Director of Policy & Communications
The energy crisis fueling the increased cost of living is likely to be sustained. Looking towards the winter, one worries for an NHS that is already under strain. War continues in continental Europe and the challenge of climate change remains. This is a difficult time to be Prime Minister.
Watchers of Westminster will be conscious that on top of dealing with the above, there is a strong political incentive for the Truss government to deliver on the mandate the Conservatives gained in 2019, that was in part based on levelling up.
At Power to Change we have been working closely with government on the levelling up agenda, making the case for communities and community business to play a vital role. We stand ready to continue working with the new government to realise the potential of levelling up by ensuring power is put in the hands of local people and that our high streets are revitalised.
Progress has already been made through the Levelling Up White Paper that correctly identified the challenges the country faces in spreading opportunity and power more widely. The Levelling Up and Regeneration Bill contains welcome measures to pass 25% of the Infrastructure Levy raised locally to local people. This bill calls for local authorities to be given power to instigate a High Street Rental Auction for commercial properties in town centres and on high streets that have been vacant for more than 12 months.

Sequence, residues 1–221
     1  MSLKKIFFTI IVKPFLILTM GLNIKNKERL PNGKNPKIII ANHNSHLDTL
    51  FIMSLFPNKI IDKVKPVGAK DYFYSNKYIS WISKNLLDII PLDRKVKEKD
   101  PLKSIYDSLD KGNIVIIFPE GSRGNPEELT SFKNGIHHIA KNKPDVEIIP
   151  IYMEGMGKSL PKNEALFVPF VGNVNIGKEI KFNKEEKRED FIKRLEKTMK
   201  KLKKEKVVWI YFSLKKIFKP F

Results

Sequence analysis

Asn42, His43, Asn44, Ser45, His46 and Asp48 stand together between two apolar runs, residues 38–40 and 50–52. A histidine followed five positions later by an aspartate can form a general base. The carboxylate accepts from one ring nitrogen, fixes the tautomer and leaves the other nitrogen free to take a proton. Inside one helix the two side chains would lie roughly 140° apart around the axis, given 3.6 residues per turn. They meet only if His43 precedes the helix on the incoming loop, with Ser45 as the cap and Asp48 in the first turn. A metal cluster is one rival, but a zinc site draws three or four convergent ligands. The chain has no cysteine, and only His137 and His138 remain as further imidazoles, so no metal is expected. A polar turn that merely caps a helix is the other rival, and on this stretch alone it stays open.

There is, however, further progress government must make if Prime Minister Truss wants to demonstrate her credentials to an electorate that cares about addressing inequality:.
- On high streets – the places that often shape people’s sense of pride in place – the Government should help to capitalise a High Street Buyout Fund to save strategically important buildings from vacancy and dereliction, putting them into productive community ownership.
- The Government could also look to a Community Power Act as a means to spread power more evenly across the country so that communities have the power to shapes the spaces, services, and spending decision where they live.
There is not long left until the next general election. People want to be heard, know that their area is improving, and that government will give people more say over decisions that shape their communities. Against this backdrop, community businesses are already stepping up to the challenges of the energy crisis, supporting people struggling locally while at the same time, suffering its consequences.
We will be pushing Liz Truss’ government to follow through on the promise of levelling up by putting communities at its heart and working with colleagues in the sector to ensure communities get the support they need.
Join us on 12th of October to explore what Liz Truss’ premiership means for the communities agenda. We’ll be joined by an impressive range of commentators from across the political spectrum, including Imogen Sinclair, Director of the New Social Covenant Unit; Ryan Shorthouse, Chief Executive of Bright Blue; Sunder Katwala, Director of British Future; and Richard Harries, Associate Director of the Institute for Community Studies.